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The Norfolk Churches Site: an occasional sideways glance at the churches of Norfolk

St Mary Magdalene, Beetley


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    St Mary Magdalene, Beetley

Beetley is another of those straggling, convoluted parishes to the north of Dereham. It is more populous than most, and thus it is a bit shameful that it has the only parish church around here which is kept locked without a keyholder notice, particularly as the Rectory is immediately next door. It stands away from the village, set back from the road and tower end on to the entrance to the churchyard. The reticulated west window is a clue to the age of the church, the blocked west doorway a clue to the welcome on offer. Coming around to the south side it becomes obvious that this is, indeed, a 14th Century church, and that tower top just a late medieval elaboration.

Stepping inside, the blocked arcade on the north side with its wooden y-tracery windows tells us that the aisle was demolished in the late 18th Century, a happy date, for it meant the repair was patched up elegantly, and not replaced with something Victorian and brooding. The late perpendicular font is raised on a slightly odd brick plinth. The War Memorial notes that it is to the Honour of God and in Immortal Memory of nine boys from this parish, including three members of the Buck family, who went out to the killing fields of France and beyond and never came back.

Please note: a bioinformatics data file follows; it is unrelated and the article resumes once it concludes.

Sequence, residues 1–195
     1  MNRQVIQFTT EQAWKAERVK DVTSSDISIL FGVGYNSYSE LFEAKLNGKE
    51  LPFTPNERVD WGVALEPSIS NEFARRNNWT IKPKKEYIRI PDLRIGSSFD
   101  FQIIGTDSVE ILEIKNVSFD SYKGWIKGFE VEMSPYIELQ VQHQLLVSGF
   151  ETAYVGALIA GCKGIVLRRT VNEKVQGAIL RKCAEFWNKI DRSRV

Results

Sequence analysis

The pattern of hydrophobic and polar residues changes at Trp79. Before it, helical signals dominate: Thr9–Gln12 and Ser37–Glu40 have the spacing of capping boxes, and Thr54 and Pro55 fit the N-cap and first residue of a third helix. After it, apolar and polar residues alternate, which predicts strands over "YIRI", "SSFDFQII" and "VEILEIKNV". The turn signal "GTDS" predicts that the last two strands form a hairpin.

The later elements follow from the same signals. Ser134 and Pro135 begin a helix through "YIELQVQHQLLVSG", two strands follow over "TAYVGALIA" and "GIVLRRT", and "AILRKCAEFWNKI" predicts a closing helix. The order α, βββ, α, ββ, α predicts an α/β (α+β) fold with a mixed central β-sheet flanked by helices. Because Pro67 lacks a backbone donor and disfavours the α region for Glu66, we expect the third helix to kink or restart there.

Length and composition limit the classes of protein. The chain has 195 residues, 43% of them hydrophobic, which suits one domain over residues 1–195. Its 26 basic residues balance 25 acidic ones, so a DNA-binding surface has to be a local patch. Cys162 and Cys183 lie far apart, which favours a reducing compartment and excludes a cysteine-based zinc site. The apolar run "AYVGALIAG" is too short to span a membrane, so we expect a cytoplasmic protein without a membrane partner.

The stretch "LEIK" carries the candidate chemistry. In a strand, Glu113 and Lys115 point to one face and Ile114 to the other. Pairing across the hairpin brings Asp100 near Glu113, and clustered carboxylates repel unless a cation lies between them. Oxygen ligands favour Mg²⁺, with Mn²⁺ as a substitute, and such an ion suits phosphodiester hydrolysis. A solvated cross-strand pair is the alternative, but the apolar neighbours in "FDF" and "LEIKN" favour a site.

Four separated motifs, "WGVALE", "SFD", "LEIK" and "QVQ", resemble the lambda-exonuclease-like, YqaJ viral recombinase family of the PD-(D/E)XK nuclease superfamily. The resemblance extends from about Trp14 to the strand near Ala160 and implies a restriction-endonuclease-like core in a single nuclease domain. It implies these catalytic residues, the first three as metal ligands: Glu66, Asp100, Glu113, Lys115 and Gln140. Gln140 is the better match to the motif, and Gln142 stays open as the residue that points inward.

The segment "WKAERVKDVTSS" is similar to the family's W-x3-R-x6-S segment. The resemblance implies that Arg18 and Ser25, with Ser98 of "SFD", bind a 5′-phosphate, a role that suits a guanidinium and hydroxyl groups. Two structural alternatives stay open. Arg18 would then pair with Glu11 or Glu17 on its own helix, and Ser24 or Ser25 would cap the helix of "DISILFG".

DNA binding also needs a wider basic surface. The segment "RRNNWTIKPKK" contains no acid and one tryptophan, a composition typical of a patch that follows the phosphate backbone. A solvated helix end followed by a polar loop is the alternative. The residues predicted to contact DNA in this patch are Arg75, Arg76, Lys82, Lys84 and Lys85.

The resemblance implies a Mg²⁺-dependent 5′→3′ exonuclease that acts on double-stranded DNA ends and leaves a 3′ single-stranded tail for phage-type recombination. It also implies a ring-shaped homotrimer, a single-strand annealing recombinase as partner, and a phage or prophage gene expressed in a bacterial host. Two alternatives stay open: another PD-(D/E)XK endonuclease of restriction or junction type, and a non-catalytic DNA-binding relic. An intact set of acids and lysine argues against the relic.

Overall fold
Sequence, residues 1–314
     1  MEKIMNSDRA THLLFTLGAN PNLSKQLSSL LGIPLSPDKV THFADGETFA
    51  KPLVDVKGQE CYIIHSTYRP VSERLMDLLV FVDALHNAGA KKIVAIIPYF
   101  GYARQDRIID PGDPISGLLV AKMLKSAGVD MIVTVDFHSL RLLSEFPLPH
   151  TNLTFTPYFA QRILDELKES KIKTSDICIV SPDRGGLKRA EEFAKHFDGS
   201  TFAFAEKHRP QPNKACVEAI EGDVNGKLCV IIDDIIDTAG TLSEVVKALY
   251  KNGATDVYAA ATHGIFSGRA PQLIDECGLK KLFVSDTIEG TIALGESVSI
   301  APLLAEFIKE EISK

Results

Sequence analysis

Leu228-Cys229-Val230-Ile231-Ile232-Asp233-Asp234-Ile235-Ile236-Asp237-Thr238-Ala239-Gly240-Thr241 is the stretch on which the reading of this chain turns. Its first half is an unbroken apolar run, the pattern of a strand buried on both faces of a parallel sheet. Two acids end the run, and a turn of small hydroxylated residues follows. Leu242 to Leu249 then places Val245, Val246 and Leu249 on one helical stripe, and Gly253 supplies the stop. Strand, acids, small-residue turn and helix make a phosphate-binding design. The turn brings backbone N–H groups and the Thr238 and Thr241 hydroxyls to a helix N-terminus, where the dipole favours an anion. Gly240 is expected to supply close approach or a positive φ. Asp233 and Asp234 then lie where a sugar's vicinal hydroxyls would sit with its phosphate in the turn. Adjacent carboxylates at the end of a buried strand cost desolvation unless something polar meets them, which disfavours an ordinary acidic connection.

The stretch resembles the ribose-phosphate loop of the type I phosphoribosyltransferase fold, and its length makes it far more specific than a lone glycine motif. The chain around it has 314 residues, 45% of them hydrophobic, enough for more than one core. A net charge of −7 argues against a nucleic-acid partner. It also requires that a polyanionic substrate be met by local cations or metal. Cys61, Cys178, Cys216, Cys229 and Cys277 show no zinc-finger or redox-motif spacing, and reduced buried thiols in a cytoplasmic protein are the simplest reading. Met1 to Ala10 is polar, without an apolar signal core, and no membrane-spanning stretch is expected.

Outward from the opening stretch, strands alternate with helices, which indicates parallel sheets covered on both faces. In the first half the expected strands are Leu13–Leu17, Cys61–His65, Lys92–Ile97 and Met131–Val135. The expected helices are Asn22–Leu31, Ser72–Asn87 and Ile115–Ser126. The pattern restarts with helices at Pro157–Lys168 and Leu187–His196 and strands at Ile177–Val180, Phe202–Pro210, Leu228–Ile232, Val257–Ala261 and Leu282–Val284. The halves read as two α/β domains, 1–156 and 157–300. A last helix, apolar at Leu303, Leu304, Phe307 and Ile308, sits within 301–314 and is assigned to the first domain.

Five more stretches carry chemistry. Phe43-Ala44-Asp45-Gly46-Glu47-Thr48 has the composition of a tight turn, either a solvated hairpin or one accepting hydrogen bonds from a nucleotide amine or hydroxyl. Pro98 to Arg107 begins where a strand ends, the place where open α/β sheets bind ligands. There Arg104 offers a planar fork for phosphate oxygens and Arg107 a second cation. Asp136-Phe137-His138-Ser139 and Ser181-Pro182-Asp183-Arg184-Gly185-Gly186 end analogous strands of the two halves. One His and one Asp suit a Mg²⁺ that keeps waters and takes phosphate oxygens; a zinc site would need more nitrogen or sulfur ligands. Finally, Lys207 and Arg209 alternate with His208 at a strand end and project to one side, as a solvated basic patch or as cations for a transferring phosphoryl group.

Nearby, another plaque remembers four Canadians who were killed when their plane crashed near Beetley church on 9th November 1942. It was installed by the parish in 2005 as a tribute to the memory of the four. Two of the crew had bailed out over Germany, to end up as Prisoners of War, and then the plane limped back to Norfolk and crashed. After the War, the two survivors were bemused to return and discover that a memorial service had been held at Beetley in their honour, it having been assumed they were aboard the crashed plane. It is lovely that the parish honoured the four sixty years on, but it seemed sad that the locked church meant that members of the Foltz, Burke, Cartwright and Laporte families could not easily come and pay their respects to their lost ones.

If Beetley seems remote, then spare a thought for Thomas Rudd Breame, father and son, who lie in the churchyard but are remembered by a mural monument on the south wall. They were each in the service of the Honourable East India Company at St Helena, one of the most remote islands in the world. Napoloeon Bonaparte was their neighbour for six years before he died there in 1821.

  Crew members of the Wellington Mk III bomber which crashed at Beetley

Simon Knott, August 2016

looking east font
immortal memory late of the Honble East India Company's service St Helena interred at Nunhead Cemetery, Surrey

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The Norfolk Churches Site: an occasional sideways glance at the churches of Norfolk